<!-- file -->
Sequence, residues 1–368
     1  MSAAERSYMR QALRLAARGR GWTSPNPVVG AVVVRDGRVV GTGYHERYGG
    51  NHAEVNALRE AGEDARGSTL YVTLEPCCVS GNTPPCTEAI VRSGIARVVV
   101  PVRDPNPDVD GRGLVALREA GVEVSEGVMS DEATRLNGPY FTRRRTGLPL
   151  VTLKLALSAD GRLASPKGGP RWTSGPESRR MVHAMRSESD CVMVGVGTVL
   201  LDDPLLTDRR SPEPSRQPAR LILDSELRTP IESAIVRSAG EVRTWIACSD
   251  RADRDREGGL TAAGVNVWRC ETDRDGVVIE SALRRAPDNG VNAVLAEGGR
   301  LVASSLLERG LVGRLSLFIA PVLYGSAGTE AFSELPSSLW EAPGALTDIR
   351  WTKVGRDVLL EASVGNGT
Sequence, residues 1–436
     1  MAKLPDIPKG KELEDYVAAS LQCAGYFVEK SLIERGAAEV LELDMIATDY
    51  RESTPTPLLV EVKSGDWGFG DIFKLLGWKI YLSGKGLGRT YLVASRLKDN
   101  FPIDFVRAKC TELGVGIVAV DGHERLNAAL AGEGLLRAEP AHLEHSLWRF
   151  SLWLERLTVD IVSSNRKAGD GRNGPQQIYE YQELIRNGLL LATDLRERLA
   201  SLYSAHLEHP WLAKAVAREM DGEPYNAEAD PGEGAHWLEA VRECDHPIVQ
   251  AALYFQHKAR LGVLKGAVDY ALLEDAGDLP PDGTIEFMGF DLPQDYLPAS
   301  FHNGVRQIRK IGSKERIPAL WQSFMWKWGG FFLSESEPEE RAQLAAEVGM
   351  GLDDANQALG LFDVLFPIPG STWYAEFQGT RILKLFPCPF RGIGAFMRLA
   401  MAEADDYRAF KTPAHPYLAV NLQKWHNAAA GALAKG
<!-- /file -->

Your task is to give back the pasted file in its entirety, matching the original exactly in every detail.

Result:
Sequence, residues 1–368
     1  MSAAERSYMR QALRLAARGR GWTSPNPVVG AVVVRDGRVV GTGYHERYGG
    51  NHAEVNALRE AGEDARGSTL YVTLEPCCVS GNTPPCTEAI VRSGIARVVV
   101  PVRDPNPDVD GRGLVALREA GVEVSEGVMS DEATRLNGPY FTRRRTGLPL
   151  VTLKLALSAD GRLASPKGGP RWTSGPESRR MVHAMRSESD CVMVGVGTVL
   201  LDDPLLTDRR SPEPSRQPAR LILDSELRTP IESAIVRSAG EVRTWIACSD
   251  RADRDREGGL TAAGVNVWRC ETDRDGVVIE SALRRAPDNG VNAVLAEGGR
   301  LVASSLLERG LVGRLSLFIA PVLYGSAGTE AFSELPSSLW EAPGALTDIR
   351  WTKVGRDVLL EASVGNGT
Sequence, residues 1–436
     1  MAKLPDIPKG KELEDYVAAS LQCAGYFVEK SLIERGAAEV LELDMIATDY
    51  RESTPTPLLV EVKSGDWGFG DIFKLLGWKI YLSGKGLGRT YLVASRLKDN
   101  FPIDFVRAKC TELGVGIVAV DGHERLNAAL AGEGLLRAEP AHLEHSLWRF
   151  SLWLERLTVD IVSSNRKAGD GRNGPQQIYE YQELIRNGLL LATDLRERLA
   201  SLYSAHLEHP WLAKAVAREM DGEPYNAEAD PGEGAHWLEA VRECDHPIVQ
   251  AALYFQHKAR LGVLKGAVDY ALLEDAGDLP PDGTIEFMGF DLPQDYLPAS
   301  FHNGVRQIRK IGSKERIPAL WQSFMWKWGG FFLSESEPEE RAQLAAEVGM
   351  GLDDANQALG LFDVLFPIPG STWYAEFQGT RILKLFPCPF RGIGAFMRLA
   401  MAEADDYRAF KTPAHPYLAV NLQKWHNAAA GALAKG